They were the Fab Four, the brightest minds in the English game tasked with repeating the World Cup glory of 2003. England’s 2015 failure, though, quickly cost Stuart Lancaster, Andy Farrell, Graham Rowntree and Mike Catt their jobs… but they didn’t fall on hard times.
Lancaster is credited with Leinster’s revival, Farrell is Ireland’s head-coach-in-waiting when Joe Schmidt departs at the end of this year, and Rowntree, who assisted with Farrell on the 2017 Lions, had a spell at Harlequins before linking up with Georgia.
None of the trio have shunned the media limelight regarding their post-England careers. They’re still accessible and influence the news, but Catt has applied himself differently.
Working as Italy’s attack coach under Conor O’Shea, he has steered cleared and preferred to keep himself to himself. Once bitten, twice shy and all that. He eventually broke his silence last year, giving an interview to 2003 England teammate Ben Kay.
But there was nothing else until he picked up the phone on Tuesday after kicking practice in Rome to give RugbyPass a rare insight into how life has really treated him since that dark winter of 2015 when Lancaster and his assistants were all bombed out of England roles they were contracted in until 2020.
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There’s no beating about the bush in confronting the let-down. Catt has always lived by the premise that you have got to initially fail to be successful – and he now feels all the better as a Test level coach for England failing at their own World Cup.
“You can’t change it,” he said. “I have learnt a hell of a lot from it. It was my first big coaching gig and I was still pretty inexperienced when I was doing that, but they are all learning experiences.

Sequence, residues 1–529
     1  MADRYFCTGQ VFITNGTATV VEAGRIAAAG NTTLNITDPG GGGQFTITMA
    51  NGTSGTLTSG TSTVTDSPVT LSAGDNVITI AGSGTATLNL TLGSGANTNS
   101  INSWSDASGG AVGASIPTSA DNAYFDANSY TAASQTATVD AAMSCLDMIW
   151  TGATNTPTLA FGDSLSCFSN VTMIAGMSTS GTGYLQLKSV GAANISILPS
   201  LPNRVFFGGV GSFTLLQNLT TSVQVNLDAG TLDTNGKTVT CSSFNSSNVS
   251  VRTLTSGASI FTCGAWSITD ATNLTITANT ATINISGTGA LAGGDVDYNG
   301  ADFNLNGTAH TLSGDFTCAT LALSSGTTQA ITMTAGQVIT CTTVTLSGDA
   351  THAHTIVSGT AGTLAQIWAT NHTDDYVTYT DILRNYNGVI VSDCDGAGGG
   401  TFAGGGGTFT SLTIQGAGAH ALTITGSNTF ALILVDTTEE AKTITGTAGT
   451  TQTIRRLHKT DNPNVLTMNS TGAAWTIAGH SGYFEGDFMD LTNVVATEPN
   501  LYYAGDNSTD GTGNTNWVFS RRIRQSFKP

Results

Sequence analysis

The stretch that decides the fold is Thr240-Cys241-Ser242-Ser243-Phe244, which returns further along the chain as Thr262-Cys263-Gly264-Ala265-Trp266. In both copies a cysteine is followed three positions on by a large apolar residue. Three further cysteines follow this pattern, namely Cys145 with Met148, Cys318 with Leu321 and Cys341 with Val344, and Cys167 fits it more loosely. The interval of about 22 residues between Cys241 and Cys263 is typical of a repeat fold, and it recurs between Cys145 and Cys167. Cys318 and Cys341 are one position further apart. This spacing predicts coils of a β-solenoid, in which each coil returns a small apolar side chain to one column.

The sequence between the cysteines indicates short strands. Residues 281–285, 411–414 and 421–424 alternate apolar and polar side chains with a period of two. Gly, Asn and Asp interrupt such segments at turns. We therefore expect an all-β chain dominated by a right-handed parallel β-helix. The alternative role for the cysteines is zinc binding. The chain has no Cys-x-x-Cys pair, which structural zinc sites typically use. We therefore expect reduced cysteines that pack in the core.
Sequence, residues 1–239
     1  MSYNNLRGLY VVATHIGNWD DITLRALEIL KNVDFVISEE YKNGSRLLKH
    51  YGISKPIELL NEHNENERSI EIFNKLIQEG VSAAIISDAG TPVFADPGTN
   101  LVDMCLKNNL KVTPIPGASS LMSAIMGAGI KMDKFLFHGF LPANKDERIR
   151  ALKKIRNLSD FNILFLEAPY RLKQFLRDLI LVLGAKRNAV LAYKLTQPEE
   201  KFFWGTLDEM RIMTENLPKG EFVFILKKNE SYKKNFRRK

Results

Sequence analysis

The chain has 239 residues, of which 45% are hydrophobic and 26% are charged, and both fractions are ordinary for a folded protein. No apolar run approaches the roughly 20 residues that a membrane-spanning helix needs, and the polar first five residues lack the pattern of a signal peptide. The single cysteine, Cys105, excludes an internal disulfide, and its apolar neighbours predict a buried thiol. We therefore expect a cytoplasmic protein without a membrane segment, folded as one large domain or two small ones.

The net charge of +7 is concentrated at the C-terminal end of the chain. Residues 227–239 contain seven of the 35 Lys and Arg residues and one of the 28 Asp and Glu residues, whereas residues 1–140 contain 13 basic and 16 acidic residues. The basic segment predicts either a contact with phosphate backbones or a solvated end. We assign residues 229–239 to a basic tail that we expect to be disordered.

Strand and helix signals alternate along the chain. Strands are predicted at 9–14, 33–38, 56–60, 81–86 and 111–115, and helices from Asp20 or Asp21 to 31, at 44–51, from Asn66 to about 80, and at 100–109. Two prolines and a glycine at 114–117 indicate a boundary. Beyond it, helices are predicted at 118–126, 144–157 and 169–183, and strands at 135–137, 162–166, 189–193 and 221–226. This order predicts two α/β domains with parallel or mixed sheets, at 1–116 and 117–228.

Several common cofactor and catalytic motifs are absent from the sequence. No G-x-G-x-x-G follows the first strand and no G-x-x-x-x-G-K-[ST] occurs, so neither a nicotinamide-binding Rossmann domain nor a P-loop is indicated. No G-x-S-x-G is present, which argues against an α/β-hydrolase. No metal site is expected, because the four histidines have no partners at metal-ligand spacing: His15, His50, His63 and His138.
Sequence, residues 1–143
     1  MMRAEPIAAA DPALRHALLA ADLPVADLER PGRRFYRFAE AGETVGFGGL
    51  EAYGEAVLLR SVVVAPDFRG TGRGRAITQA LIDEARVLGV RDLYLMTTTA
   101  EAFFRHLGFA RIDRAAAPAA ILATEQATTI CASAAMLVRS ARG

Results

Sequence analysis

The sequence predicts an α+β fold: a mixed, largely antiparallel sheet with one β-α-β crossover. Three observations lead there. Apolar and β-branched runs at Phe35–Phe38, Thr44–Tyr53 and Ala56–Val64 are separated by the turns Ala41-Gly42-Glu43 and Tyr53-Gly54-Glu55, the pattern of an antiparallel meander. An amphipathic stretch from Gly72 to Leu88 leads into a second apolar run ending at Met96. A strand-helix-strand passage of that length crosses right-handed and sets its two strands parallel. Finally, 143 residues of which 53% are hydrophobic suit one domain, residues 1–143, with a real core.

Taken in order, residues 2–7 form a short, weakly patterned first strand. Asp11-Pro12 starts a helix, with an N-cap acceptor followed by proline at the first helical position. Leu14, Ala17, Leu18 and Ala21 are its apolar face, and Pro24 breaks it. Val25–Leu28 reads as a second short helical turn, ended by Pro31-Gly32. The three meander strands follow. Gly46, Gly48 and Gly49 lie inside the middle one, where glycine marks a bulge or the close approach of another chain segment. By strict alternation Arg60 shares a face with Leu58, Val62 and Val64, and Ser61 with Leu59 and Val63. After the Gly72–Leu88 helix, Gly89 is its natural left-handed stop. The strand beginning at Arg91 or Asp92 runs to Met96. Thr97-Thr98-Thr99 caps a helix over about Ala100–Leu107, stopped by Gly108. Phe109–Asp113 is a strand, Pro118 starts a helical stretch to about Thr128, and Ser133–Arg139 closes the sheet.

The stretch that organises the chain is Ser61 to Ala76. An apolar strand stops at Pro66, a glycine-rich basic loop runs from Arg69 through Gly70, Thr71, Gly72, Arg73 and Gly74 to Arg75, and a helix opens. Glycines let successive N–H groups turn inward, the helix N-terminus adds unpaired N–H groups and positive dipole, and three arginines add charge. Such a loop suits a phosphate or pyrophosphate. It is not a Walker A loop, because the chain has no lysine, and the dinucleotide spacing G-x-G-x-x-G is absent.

“You have to fail before you win. I didn’t win a World Cup until I was 32 and, believe me, I had a lot of ups and downs in my career. It’s that whole resilience and ability to get up again and go again. That [the past] is what it is, eaten bread, and that’s what I do.
“You’re talking about 10 minutes of rugby, losing to Wales in the last 10 minutes of the game. That is what it  boiled down to. Wales did it again the other week to England. They are a formidable side.”
It’s been a slow fix. Management have savoured just six wins in 31 outings and have struggled to end an inherited Six Nations losing streak that now counts up to 20 matches. Catt doesn’t dwell on these stark numbers, though. His bigger picture says hidden improvements are occurring and the outlook isn’t as dark as it’s generally made out.
“Conor got me up to London Irish in 2004 and I’d some good years there playing and coaching. Working with Conor, I knew what sort of environment he creates.
“I knew I could definitely complement his enthusiasm and his ability to create these environments with some technical support. It has been tough, but in the same breath it has been very good.
“I’ve learnt a hell of a lot about myself and coaching in different environments. I’ve had to learn a new language. It has been brilliant for me from a coaching perspective.
“It has been hugely rewarding and I’ve really had to dig into all the depths to find out how to coach these guys, how to get these guys to believe in themselves that they can compete against the best in the world,” explained Catt, the Port Elizabeth-born South African whose move to Bath in 1992 transformed his own playing career.
“That has been the challenge for me with this group of players, that we can grow. Conor has created a brilliant environment. There is still massive issues with certain things around the system, but Steve Aboud and all those guys are putting this in place and it is not an easy fix. There is no easy fix. This is the reality of it and we are in the middle of it and we have got to try and perform.
“I know everybody is talking about 19, 20 losses and whatever. For us it’s about small wins, small margins that we just need to keep building on because the others teams that we’re playing against in a World Cup year are all capable of probably winning a World Cup.